A closeup on the W3C
16:56, 7 Nov 2000 UTC | Simon St.Laurent

Interactive Week examines the Trials and Tribulations of the W3C, and explores its Adolescent Struggles as the W3C adapts to a new and more prominent role.

The article notes the "Web's Lost Age of Innocence", when a small group of people could create the rules for the Web and a "mere handful of people were paying attention". Today,

"the W3C has evolved into the United Nations of the Internet. Operating continuously under a microscope, it welcomes representatives of a business world eager to create standards for Web-based languages and technologies. Yet, lacking enforcement powers, it must rely on international goodwill to persuade competing companies to comply with the standards it creates. And, like the U.N., politics, greed and rancorous debate are increasingly making its work painfully contentious and slow."

The article describes the growing size of Working Groups, delays in projects, and this summer's often bitter explosion over the proper usage of URIs as namespace identifiers. The role of the Director of the W3C, Tim Berners-Lee, is also called into question:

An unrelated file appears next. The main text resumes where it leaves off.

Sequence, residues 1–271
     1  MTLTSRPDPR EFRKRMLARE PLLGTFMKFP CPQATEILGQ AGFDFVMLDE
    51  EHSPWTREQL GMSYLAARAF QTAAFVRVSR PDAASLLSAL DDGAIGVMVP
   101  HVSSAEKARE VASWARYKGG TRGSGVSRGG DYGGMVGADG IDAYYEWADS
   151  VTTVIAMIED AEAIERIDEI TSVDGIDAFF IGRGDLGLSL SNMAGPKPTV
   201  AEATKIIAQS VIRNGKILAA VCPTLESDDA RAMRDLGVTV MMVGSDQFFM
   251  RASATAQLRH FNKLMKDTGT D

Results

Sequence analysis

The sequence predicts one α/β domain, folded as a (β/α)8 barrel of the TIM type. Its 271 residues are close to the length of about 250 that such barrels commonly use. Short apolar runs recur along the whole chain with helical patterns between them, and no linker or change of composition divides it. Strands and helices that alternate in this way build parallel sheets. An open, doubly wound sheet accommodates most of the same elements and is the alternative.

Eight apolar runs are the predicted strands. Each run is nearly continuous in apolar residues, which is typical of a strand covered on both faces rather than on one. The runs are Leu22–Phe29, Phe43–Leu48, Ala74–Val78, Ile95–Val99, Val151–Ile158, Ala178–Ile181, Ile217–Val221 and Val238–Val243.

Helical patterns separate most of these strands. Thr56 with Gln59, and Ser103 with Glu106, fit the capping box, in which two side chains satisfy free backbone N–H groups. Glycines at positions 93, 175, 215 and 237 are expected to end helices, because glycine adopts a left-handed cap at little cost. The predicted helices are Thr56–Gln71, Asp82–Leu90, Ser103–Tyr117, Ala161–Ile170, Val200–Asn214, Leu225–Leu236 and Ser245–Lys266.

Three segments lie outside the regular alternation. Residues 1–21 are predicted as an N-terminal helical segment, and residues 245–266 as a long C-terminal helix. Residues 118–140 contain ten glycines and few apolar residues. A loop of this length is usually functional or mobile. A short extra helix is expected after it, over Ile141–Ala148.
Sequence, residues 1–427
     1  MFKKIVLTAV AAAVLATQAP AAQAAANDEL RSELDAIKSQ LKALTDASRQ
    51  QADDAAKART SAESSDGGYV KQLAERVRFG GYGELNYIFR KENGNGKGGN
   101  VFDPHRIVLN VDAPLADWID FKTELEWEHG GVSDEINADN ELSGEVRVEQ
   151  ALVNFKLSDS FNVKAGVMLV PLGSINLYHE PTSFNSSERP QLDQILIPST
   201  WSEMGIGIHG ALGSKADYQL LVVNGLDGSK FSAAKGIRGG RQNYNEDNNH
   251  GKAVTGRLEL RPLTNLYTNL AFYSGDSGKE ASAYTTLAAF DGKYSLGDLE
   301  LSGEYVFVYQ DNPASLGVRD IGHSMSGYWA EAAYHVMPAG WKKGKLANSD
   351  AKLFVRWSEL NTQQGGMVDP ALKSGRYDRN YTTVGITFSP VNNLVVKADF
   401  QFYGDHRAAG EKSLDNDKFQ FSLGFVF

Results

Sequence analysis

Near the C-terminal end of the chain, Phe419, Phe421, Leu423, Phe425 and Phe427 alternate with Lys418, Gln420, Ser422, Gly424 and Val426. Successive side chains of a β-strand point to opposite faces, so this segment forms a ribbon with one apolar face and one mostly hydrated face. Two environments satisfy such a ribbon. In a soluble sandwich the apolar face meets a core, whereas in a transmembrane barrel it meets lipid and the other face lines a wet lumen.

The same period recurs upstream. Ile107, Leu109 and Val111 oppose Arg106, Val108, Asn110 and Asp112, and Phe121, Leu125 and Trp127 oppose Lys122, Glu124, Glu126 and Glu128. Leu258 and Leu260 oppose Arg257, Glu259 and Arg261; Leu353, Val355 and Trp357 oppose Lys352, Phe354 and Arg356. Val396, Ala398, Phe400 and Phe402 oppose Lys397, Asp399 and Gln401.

"Observes another board member: 'Part of the success at the W3C has been someone able to make or push decisions. Tim is having a bad year, but he's had a great career.' Whether the problem is perceived as one man's personality or the institution's structure, people want improvements. "

The W3C gets strong support from Adobe, however:

"And besides, animosity is a relative concept. Steve Zilles, an executive at Adobe Systems who has been involved in working groups at both the W3C and the Internet Engineering Task Force, says: 'Relative to other groups, the W3C is friction free.' What's more, the group's combination of closed meetings to encourage candid discussion, regular publishing of results and openness to public comment is often cited as a balance that always - eventually - transforms contention into consensus. 'Is the W3C working? In this case, yes,' says Jon Ferraiolo, another Adobe executive and a member of the SVG working group. "

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